In addition to the Centre for Offshore Safety, the API standards programme, which dates back to the 1920s, provides an ongoing opportunity for continuous improvement by and corroboration among companies throughout the industry, regulators and other stakeholders and are accredited by ANSI, the American National Standards Institute. API standards raise the level of safety performance across the industry; standards will continue to be periodically evaluated and upgraded as appropriate.

Oil & Gas IQ: How much of a wakeup call was Macondo for the oil and gas industry in the United States? I know that Piper Alpha was a massive event for the North Sea; I wonder if you could tell me what kind of effect Macondo has really had.

H Hopkins: It has had a major effect. It was a huge wakeup call. Obviously, we always strive to operate safely; this gave us our chance to go back and look at all of our operations and make improvements where they could be made and to raise industry standards and best practices across the board.

Oil & Gas IQ:I guess, with regards to HSE, there are these periodic events - be it an Ocean Ranger or a Piper Alpha or a Macondo - that really bring HSE to the fore. Does Oil and Gas still need this periodic wakeup call? Shouldn’t we be awake the whole time?

H Hopkins: We certainly should. We strive for zero fatalities and zero injuries and zero incidents, and we are always looking at our industry best practices and standards and revising them.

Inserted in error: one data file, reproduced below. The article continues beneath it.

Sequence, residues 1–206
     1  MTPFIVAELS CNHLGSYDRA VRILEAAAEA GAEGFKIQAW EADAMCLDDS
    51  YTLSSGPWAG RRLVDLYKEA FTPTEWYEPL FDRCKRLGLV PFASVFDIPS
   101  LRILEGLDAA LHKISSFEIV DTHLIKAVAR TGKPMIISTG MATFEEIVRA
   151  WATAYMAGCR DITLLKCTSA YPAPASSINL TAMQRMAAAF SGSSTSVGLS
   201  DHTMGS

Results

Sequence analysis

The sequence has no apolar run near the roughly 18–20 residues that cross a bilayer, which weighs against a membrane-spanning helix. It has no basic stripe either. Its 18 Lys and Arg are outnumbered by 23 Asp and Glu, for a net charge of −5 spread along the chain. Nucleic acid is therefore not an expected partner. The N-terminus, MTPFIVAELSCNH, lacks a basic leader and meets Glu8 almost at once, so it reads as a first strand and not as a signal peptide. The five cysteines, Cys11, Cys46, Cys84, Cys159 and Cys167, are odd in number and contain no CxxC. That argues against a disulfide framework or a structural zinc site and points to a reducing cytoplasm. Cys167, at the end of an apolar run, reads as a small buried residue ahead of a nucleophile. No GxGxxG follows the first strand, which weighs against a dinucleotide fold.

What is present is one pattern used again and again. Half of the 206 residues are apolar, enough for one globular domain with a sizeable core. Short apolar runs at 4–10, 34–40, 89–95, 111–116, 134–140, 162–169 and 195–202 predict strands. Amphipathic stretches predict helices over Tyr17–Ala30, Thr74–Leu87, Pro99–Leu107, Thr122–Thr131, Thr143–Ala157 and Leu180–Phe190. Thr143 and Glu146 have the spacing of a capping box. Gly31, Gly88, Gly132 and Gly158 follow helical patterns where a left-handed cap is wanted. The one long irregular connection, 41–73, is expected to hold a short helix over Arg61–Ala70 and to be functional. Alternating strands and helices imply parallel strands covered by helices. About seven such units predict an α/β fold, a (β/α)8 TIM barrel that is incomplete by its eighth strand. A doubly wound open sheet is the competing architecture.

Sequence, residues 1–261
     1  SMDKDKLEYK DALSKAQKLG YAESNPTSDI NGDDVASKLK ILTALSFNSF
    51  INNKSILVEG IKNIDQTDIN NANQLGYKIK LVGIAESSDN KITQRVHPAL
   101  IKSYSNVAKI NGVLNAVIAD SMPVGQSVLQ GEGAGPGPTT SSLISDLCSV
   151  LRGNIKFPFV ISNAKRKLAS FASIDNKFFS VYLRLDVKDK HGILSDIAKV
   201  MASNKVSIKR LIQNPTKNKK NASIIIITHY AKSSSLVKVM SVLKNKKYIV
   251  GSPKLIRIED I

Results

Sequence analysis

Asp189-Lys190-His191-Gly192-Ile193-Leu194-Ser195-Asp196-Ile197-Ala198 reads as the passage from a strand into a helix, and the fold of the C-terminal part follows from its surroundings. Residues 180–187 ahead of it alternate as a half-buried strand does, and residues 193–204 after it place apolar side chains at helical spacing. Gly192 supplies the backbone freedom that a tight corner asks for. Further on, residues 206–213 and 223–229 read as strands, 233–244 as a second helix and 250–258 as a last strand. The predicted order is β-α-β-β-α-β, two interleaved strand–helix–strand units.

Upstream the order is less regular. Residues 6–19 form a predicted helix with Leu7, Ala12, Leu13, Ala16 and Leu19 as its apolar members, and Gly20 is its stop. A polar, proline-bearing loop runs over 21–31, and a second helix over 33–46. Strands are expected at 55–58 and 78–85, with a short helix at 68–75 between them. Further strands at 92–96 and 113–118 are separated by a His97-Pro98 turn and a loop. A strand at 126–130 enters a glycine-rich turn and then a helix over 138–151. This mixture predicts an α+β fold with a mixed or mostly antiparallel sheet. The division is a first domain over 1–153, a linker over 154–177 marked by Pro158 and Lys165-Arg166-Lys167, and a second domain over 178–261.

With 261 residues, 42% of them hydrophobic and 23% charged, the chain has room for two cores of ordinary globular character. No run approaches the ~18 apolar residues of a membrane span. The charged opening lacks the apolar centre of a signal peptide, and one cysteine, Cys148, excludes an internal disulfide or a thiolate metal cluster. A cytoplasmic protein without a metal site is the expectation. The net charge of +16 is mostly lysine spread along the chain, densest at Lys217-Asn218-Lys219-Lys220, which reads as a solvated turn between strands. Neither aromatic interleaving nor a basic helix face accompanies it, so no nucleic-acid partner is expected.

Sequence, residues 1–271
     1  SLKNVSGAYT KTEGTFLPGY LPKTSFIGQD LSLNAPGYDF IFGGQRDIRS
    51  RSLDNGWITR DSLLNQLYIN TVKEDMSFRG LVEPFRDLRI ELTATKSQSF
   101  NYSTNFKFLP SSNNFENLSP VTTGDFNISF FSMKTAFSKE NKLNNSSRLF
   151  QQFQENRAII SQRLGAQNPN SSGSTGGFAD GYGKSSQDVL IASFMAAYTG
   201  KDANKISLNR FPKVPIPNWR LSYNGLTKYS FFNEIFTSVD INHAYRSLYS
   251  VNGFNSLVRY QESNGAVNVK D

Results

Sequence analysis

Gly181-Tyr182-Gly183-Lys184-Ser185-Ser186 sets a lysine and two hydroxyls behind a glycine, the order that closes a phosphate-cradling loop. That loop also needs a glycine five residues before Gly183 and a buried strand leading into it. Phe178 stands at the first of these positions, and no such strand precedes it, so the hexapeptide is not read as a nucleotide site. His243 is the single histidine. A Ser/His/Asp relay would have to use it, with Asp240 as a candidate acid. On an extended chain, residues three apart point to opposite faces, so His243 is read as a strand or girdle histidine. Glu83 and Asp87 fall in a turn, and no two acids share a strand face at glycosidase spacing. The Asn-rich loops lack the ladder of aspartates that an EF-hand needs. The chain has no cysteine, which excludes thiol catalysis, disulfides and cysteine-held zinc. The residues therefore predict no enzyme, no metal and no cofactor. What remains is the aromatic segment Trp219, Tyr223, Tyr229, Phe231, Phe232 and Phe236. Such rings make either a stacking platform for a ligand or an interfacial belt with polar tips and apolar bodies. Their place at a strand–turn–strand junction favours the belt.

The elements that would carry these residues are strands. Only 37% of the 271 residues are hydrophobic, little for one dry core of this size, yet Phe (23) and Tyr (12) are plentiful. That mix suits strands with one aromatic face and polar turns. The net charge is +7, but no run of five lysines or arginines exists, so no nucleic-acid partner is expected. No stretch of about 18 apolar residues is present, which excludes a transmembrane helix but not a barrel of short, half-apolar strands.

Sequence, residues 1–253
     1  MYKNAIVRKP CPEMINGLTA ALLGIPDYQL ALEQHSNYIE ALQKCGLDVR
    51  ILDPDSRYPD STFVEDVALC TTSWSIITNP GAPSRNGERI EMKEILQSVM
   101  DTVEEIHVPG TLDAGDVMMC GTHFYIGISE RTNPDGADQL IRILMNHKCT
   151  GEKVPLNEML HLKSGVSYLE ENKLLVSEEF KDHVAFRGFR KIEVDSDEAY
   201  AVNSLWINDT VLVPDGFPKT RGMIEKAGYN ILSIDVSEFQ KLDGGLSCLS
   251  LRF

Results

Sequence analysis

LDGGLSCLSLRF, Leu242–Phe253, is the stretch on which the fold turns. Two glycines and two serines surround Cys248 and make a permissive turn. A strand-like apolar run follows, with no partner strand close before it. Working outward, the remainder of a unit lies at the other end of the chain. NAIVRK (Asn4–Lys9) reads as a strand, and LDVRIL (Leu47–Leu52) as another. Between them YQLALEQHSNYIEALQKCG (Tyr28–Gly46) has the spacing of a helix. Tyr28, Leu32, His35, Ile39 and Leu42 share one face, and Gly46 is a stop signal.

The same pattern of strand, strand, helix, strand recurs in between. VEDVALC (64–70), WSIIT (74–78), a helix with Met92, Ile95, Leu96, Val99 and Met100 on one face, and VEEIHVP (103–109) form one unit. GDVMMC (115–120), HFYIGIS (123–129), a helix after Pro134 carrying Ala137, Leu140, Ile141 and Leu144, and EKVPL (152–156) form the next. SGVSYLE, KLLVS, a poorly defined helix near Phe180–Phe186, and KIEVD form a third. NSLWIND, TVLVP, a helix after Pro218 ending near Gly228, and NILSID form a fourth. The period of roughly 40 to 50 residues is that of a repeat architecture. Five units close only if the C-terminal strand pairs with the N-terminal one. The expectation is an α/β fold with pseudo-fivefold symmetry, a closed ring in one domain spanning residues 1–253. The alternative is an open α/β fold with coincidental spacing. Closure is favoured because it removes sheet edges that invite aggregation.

The API standards that we have are revised on a five year cycle and so we take a look at those every five years and see what improvements can be made and what should be done, what new technology maybe has come about and how operations have changed, making sure that we are keeping up with that.

Unfortunately, you’re correct; tragedies usually highlight and bring to the forefront our shortcomings or those things that we could do better, so they do serve as an opportunity for lessons learned. It is unfortunate that tragedies do have that unintended consequence, but we’re always working to improve and bring about the best standards and operating practices that we can. I do think that, while we are continuously improving, these events do tend to put the spotlight a little brighter than they would normally.

Oil & Gas IQ: Holly, without giving the whole game away - the Offshore Safety Summit is still a few months away yet - can you give us a little flavour of what you’re actually going to be talking about at the event?

H Hopkins: Certainly. I’m going to cover the joint industry taskforce work that has been done in the last... at that time it will be almost two years. I’m going to cover the new documents that we have been creating over the last year and a half – API RP96, API and IDC Bulletin 97 – and several other documents that we’ve been working on and revising in response to the incident and lessons learned. I’ll also be talking in more detail about the Centre for Offshore Safety based in Houston.

COS as we’ve come to call it, is going to bring together the best minds and expertise to further help operators strive and maintain the highest levels of safety performance. It’s going to be open to all operators and contractors in the Gulf of Mexico that operate in deep water. Initially we’re going to base it on BESI's Safety and Environmental Management System’s rule that they issued in October of last year, which is also based on API RP75, which are safety and environmental management programmes.

The initial work that the centre is going to do is going to be based on compliance with that rule. We’re going to conduct independent third party audits and we will be able to learn from those audits and then share information across the industry, so the hope is that we can raise the bar for all operations in deep water in the Gulf of Mexico.

Oil & Gas IQ: Holly, thanks for your time today. I really appreciate it and look forward to seeing you from 19th March onwards in Aberdeen.

H Hopkins: Thanks, Tim.